DECISIONS: Keep it simple

How do you juggle available skill sets, keep the infrastructure running, the projects under way and keep users and customers happy?

Luxury is a luxury that most smaller IT shops cannot afford.

The exigencies of doing the same as the big end of town but with greatly diminished resources (people, time, skills, money) means that efficiencies must be applied. Whereas a large player may have a roomful of developers or business analysts, most smaller IT shops are limited to single digits and fractions of skilled employees to draw upon.

And you can only stretch people so far before they break.

For Mike Solomons, CIO of law firm Gilbert + Tobin (G+T), the issue has come down to optimizing the resources he has and maximizing the benefits, and that has meant giving serious thought to whether you hire more people, train those you have or bring in contractors on an "as-needed" basis. It has also meant looking seriously at packaged applications versus developing their own, which may mean forgoing some functionality in favour of ease of integration.

While G+T is widely acknowledged as one of the most successful law firms to emerge in Australia in the past 15 years, like other organizations it still faces the same IT challenge of resource management. This is the stuff that most IT managers face every day, particularly those with limited resources - how do I get most bang for my buck, keep the infrastructure running, anticipate needs and keep the customers satisfied?

Although Solomons says this has not brought great changes to his operations, what it has meant is that some re-evaluation has taken place.

The contract solution

"I think it's a constant battle for any IT shop, large or small, to have the right mix of skill sets in-house," Solomons says.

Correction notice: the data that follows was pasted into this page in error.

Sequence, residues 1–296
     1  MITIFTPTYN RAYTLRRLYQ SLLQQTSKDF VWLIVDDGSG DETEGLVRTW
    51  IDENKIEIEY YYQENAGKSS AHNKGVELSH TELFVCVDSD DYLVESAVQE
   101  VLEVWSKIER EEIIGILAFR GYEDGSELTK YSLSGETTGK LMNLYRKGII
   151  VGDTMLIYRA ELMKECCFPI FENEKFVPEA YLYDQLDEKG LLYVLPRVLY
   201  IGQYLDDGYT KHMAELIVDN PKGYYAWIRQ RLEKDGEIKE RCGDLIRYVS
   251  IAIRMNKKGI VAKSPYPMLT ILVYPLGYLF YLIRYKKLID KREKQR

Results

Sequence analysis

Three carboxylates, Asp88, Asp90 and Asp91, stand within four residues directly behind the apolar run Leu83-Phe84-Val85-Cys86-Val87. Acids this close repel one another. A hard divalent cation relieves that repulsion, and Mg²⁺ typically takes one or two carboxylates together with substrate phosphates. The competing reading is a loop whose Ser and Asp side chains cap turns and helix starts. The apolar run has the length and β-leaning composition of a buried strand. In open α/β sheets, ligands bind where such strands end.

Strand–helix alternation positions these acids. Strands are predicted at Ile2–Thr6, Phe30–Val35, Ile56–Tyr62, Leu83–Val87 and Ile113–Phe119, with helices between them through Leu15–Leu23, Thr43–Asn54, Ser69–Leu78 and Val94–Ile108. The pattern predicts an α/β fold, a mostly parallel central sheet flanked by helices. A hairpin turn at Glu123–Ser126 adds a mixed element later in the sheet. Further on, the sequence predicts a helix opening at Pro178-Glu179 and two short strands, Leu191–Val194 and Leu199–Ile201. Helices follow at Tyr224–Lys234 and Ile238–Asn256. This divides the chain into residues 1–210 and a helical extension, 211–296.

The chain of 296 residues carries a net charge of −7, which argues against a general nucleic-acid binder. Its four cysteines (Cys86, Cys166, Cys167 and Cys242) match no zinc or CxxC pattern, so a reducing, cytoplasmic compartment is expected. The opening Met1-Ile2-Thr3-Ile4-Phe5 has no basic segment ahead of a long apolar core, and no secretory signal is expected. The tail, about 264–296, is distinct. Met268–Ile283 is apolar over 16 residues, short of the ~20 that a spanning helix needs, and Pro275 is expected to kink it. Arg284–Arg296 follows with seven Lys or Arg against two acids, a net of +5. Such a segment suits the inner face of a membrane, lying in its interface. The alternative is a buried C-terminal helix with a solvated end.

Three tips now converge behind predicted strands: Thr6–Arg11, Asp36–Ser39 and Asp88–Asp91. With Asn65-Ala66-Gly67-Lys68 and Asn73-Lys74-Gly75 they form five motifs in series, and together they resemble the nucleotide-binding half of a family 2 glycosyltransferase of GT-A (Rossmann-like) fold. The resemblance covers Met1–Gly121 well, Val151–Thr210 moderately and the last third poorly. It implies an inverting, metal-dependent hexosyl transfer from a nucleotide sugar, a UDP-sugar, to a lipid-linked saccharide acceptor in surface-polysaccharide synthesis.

As much as they can be an organization's most valuable asset, permanent employees can at times be a constraint for managers - they have their specific skills, and they can be sent on courses to upgrade those skills, but there is always a learning curve to be considered.

The alternative is to get in a contractor to fill the gaps on a short-term basis. "They're at the top of the learning curve," Solomons says. "They've learnt their skills somewhere else, they know all about an application or the problem you've got and can be instantly productive."

He admits it is a juggling act between permanent staffs versus contractors, but it is one that he is willing to perform.

Serving a total staff of 350, G+T's IT department currently has 16 people - four IT service desk, four infrastructure and operations, four on applications development, two on IT training, one IT admin assistant and himself. One of those in applications development is a contractor, while two additional contractors are used on short-term projects as required.

Solomons thinks getting in contractors is a cost-effective way of doing things. Given that a contractor who comes on board is productive from just about day one, while they may cost more per hour than a permanent employee, that can be traded off against productivity. "And," Solomons says with a smile, "the beauty with contractors is you can try before you buy."

G+T now brings in contractors for periods of weeks to months to complete specific projects, and while there may not exactly be a steady stream of new faces coming and going, the presence of at least one contractor at any one time is not unusual.

Recent projects that contractors have been brought in for include the firm's migration from Lotus Notes to Exchange/Outlook, its implementation of a development platform in ASP.Net, as well as a review of printer and scanner requirements.

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